In this particularly divisive election cycle, much of what was shared on social media was harsh (and sometimes untruthful) toward the other side. Hillary Clinton was portrayed as corrupt and untrustworthy, and her supporters were too busy policing political correctness to realize that the Establishment was failing the country. Donald Trump was racist and misogynistic, and his supporters were smugly dismissed as too foolish to see through Trump’s lies and too hateful to disavow Trump’s rhetoric. Every time we shared a post reinforcing whichever side we agreed with, a flurry of likes cemented the fact that we were right and the other side was wrong—or downright evil.

Now that the election is over, can Clinton and Trump supporters break out of their polarized social media bubbles and find a way to come together? Some have argued that casting a vote for Trump, given the hateful rhetoric he employed during his campaign, is irredeemable. But refusing to distinguish Trump supporters who wholeheartedly believed his invective from Trump voters who didn’t agree with everything he said only sharpens our divide and shrinks the potential liberal electorate. When all Trump voters became stereotypical deplorables, Clinton supporters stopped seeing them as real, individual people and consequently discounted their influence. And if this election shows nothing else, we need to engage in more dialogue right now, not less.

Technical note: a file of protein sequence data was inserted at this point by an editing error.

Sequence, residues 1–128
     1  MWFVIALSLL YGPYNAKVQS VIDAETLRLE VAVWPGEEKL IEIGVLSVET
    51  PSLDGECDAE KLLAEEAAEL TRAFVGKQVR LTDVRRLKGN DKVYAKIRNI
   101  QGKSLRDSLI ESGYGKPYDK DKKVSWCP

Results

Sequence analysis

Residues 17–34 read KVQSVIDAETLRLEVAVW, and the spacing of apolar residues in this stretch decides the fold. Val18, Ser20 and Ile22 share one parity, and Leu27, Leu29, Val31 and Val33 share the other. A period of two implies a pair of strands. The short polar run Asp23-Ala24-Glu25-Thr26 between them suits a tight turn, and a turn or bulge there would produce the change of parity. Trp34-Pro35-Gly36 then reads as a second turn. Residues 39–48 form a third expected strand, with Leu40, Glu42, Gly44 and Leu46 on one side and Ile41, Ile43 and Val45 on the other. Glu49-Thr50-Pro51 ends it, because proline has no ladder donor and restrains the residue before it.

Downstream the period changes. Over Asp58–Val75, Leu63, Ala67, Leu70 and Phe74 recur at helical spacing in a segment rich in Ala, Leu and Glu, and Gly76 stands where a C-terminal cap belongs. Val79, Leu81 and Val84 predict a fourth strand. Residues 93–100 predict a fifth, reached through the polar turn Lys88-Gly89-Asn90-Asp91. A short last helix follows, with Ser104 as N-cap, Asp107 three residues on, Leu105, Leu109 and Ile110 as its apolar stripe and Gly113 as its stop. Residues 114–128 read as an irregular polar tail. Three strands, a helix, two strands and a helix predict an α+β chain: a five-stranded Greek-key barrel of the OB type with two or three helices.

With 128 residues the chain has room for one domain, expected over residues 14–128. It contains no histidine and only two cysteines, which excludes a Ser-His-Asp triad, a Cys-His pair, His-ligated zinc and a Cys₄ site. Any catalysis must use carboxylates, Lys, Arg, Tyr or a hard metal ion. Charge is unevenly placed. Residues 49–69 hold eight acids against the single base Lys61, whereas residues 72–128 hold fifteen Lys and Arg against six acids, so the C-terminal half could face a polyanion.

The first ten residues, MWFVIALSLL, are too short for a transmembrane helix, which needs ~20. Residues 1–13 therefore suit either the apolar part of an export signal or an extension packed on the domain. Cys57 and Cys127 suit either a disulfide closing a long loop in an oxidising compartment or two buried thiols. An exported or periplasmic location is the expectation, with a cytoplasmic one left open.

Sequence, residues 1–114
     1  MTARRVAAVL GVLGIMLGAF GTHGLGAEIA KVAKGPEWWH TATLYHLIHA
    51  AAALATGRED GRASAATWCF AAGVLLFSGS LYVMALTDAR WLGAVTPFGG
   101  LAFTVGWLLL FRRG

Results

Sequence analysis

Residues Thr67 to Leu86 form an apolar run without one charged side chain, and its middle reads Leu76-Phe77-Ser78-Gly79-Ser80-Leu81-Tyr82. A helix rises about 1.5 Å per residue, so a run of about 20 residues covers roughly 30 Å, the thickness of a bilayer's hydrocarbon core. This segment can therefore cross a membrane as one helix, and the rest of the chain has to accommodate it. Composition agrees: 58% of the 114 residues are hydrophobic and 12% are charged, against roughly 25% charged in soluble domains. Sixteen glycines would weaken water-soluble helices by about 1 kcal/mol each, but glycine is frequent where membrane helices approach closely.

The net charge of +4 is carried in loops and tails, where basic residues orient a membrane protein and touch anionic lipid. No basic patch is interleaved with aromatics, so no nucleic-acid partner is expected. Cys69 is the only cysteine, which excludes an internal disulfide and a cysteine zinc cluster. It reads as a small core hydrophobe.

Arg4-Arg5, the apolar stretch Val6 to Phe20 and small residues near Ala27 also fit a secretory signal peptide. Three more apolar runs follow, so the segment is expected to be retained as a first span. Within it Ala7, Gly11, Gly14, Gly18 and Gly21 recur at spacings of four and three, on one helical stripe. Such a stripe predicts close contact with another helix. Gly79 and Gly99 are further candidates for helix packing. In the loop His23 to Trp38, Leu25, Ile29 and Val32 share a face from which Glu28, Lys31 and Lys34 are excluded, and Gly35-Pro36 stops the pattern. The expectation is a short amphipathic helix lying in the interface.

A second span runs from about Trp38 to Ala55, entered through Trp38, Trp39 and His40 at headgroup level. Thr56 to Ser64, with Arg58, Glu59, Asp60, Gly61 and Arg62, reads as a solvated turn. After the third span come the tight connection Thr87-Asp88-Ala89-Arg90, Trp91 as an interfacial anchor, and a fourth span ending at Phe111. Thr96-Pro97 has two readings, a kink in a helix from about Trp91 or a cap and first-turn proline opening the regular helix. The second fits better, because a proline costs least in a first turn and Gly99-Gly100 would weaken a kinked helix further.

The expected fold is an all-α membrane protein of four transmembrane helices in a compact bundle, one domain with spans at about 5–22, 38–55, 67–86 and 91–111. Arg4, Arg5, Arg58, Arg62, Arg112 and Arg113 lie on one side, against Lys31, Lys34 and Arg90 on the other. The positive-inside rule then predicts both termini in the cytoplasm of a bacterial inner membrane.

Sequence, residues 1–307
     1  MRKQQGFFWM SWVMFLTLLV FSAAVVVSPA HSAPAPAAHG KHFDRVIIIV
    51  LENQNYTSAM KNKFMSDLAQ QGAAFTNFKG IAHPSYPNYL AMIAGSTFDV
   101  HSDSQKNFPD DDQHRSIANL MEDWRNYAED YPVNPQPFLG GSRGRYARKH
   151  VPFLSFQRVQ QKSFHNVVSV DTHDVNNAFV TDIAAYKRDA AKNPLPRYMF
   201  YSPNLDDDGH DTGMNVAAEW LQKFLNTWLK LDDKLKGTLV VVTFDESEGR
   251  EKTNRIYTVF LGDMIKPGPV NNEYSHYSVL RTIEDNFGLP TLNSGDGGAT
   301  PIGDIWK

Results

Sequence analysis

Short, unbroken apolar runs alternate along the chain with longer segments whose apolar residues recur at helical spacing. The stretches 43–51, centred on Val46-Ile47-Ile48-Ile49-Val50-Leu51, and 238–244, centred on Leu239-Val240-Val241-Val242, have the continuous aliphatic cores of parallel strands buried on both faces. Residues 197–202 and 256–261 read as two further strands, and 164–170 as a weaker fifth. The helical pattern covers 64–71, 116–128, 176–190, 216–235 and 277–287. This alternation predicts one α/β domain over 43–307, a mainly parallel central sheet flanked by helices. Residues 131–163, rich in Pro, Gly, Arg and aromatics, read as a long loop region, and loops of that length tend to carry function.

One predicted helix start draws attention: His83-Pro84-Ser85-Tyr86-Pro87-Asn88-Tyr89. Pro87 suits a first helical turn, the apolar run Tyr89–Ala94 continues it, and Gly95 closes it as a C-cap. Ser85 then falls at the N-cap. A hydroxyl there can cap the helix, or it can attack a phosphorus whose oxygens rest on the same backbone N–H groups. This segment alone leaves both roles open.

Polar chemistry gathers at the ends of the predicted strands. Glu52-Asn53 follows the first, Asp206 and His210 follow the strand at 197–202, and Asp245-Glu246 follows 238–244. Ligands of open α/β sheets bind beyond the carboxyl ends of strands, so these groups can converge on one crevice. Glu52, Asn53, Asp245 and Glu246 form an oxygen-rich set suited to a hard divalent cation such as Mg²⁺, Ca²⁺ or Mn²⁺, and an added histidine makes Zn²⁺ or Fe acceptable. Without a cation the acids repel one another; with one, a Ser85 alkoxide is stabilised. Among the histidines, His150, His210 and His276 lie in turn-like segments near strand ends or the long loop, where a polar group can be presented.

So how do we do this? Science suggests we can counter the dehumanizing effect of stereotypes by providing a simple, personal fact that distinguishes someone as an individual. We can apply this idea to how we use social media: The next time you see a Facebook post or comment that you disagree with, click through to the poster’s profile and remind yourself of his or her humanity. When you return to the offending statement, remind yourself that it came from a human being who is probably someone you once wanted to be friends with. In my personal experience, simply clicking through to the profiles of my Trump-voting Facebook friends has also caused them to start appearing in my news feed. Seeing the viewpoints of differently minded friends has broadened my perspective and evolved my response to this election.

Our natural tendency is to more readily empathize with and forgive our ingroup than our outgroup, so engaging with voters from the other side will take concentrated effort. One benefit of social media is that we can engage on our own timetable. If we see something we disagree with, we can let our emotions cool before leaving a comment that acknowledges someone’s perspective, even while we disagree with it. (Facebook, can we get a thoughtful “Hmm” reaction button?) Through empathetic interactions with those from the other side, we can reach through our bubbles. This advice comes with the caveat that you may find some people too offensive to engage with, or your friends may not be willing to reciprocate your efforts. This might not be a solution for everyone. Also, if you suffer from a completely homogenous friend group, Hi From the Other Side is pairing up Clinton and Trump voters who are interested in civil discourse. Get involved in that.

It is ultimately up to you to decide how much of a safe space to cultivate in your social media accounts. But indiscriminately blocking or hiding the voices of those you don’t agree with does not silence them; it only deafens you.